The allegations at page 14 paragraph 5.2 of the Petition are false. In particular the 3rd Respondent states that the will of the people of Kenya expressed in a free fair and credible electoral process can not in law be overturned or subverted on the basis of a hypothesis. The petition correctly understood, is founded on a hypothesis incapable of proof; it is an expression of bitterness arising from the Petitioner’s loss of the poll and raises no legal issues capable of a judicial inquiry.

The allegations at page 16 paragraph 5.5 are false. The agents for all political parties present at the national tallying centre were not ejected from the tallying centre but rather provided with suitable alternative facilities within the tallying centre after the Petitioner’s supporters started shouting and mis-conducting themselves in a room which they and other agents had been allocated for verification of results. 

It is thus manifestly clear that the Petitioner’s attempt to impeach the entire electoral process and invalidate the results is an afterthought informed by the shock of losing the election rather than on any impropriety or irregularities by the 1st and 2nd Respondents.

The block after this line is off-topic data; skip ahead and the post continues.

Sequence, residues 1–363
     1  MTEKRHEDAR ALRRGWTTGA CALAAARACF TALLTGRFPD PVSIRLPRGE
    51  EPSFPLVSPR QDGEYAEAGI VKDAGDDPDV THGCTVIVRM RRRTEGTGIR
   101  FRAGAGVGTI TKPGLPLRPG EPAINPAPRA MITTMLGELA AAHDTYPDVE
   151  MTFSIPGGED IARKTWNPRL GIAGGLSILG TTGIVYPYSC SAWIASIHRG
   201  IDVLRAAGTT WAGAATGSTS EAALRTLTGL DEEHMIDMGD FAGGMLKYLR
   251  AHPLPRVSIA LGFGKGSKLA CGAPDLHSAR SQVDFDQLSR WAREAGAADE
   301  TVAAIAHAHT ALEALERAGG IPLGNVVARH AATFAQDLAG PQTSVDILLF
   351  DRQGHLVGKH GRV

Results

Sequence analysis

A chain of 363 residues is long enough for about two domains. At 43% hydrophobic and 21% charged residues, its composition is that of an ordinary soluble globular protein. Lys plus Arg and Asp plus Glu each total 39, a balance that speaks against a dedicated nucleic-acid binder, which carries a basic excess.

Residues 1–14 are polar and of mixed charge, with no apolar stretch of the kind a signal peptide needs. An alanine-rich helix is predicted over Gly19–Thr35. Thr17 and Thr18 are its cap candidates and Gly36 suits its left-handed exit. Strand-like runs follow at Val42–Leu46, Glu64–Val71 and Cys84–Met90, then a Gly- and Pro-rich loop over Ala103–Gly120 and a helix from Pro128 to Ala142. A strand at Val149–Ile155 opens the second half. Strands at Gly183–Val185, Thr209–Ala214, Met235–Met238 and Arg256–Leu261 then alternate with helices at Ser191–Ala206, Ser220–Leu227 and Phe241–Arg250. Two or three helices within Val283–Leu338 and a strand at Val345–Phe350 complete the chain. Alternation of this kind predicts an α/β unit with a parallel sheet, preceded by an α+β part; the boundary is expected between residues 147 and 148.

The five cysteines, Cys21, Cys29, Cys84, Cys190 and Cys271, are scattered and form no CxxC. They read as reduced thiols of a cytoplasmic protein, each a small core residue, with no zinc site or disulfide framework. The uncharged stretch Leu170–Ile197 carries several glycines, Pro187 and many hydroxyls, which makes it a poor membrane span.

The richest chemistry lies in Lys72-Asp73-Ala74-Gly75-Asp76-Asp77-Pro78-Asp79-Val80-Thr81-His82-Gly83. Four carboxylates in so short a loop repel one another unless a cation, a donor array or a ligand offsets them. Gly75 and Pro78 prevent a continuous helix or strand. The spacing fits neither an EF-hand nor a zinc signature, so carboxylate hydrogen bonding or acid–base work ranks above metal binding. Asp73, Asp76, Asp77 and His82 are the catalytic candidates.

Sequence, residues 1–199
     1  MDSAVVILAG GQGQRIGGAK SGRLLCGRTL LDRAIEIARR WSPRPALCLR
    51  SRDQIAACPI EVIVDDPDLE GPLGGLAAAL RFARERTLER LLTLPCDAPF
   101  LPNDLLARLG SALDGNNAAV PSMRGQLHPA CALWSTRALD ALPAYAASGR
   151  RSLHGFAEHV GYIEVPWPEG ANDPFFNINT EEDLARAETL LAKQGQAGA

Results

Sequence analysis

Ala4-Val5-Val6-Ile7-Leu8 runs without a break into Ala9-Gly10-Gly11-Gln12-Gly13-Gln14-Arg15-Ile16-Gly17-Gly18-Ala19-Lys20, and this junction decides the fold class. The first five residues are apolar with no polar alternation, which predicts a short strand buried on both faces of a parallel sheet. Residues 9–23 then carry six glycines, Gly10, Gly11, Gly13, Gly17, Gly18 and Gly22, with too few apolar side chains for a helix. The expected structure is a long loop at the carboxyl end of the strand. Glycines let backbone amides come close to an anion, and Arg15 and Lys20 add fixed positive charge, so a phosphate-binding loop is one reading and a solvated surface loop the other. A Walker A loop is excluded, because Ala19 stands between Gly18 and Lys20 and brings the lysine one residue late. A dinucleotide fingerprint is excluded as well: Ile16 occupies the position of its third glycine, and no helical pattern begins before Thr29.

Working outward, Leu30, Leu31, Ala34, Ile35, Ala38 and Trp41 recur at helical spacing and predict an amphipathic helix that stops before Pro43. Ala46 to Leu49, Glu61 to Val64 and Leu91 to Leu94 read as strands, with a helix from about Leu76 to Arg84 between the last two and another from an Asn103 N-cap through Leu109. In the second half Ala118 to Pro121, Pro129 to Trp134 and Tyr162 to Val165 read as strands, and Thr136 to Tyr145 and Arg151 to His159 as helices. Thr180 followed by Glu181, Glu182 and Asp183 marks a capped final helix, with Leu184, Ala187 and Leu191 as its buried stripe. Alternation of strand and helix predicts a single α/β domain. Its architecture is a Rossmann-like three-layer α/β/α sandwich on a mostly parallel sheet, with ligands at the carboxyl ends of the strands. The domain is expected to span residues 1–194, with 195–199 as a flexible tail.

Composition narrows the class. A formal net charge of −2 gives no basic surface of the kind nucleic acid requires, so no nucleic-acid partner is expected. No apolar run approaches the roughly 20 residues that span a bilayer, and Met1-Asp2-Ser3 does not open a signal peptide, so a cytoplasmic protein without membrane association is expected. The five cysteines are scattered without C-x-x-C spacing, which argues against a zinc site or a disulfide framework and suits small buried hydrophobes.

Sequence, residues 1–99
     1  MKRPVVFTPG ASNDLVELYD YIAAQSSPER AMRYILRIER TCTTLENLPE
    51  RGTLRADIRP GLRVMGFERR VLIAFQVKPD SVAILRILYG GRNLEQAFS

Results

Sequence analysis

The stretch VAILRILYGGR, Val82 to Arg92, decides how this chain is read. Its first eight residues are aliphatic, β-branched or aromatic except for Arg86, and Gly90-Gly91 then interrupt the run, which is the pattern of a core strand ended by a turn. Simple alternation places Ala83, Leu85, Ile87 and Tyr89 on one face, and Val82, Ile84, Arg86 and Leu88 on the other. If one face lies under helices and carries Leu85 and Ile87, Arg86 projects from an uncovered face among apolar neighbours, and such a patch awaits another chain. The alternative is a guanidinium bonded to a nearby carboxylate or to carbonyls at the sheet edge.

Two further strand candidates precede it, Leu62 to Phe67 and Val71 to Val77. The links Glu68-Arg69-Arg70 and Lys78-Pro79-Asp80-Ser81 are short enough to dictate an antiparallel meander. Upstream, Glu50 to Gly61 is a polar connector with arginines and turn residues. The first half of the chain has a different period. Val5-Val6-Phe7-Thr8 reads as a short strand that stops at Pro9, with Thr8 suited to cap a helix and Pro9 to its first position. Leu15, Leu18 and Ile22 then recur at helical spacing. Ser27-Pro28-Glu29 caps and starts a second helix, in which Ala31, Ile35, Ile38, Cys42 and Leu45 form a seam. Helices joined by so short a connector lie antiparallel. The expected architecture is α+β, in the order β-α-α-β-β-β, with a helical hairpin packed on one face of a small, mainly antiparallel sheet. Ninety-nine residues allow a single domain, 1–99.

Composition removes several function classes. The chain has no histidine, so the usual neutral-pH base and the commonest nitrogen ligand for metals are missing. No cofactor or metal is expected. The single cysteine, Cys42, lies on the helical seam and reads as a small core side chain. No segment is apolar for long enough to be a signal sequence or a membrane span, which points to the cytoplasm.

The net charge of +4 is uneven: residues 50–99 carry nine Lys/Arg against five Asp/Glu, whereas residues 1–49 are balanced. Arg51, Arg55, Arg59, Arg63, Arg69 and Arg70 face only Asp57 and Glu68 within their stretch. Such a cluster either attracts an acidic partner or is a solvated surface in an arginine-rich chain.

The 3rd Respondent states that the burden of the Petitioner’s case is that the entire electoral process commencing with voter registration, voting and tallying of results and the declaration of results was invalid, null and void. The 3rd Respondent contends that the court is being invited to stage a coup against the constitutional governance of Kenya in that not only the Presidential election would be impugned but the Parliamentary, Gubernatorial, Senatorial and County Assembly elections would also be vitiated.

The Orders sought by the Petitioner are also mischievous and designed to cause disproportionate harm to constitutional governance in that they call for impeachment without legal basis of the only body established in law to conduct elections so as to trigger a crisis in the Executive and Legislative arms of Government that would enable the Petitioner to negotiate and/or bully his way to power in contravention of the Constitution.

EXECUTIVE SUMMARY OF AFFIDAVIT IN REPLY

I have actively participated in all aspects of the electoral process either directly or through agents of the Jubilee Coalition and TNA. I can unequivocally state that in my view the 1st Respondent and its staff, including the 2nd Respondent, have conducted the entire process with remarkable diligence, efficiency and in full fidelity to the standards established in the Constitution and all the electoral laws notwithstanding logistical and technological problems encountered on 4th March 2013.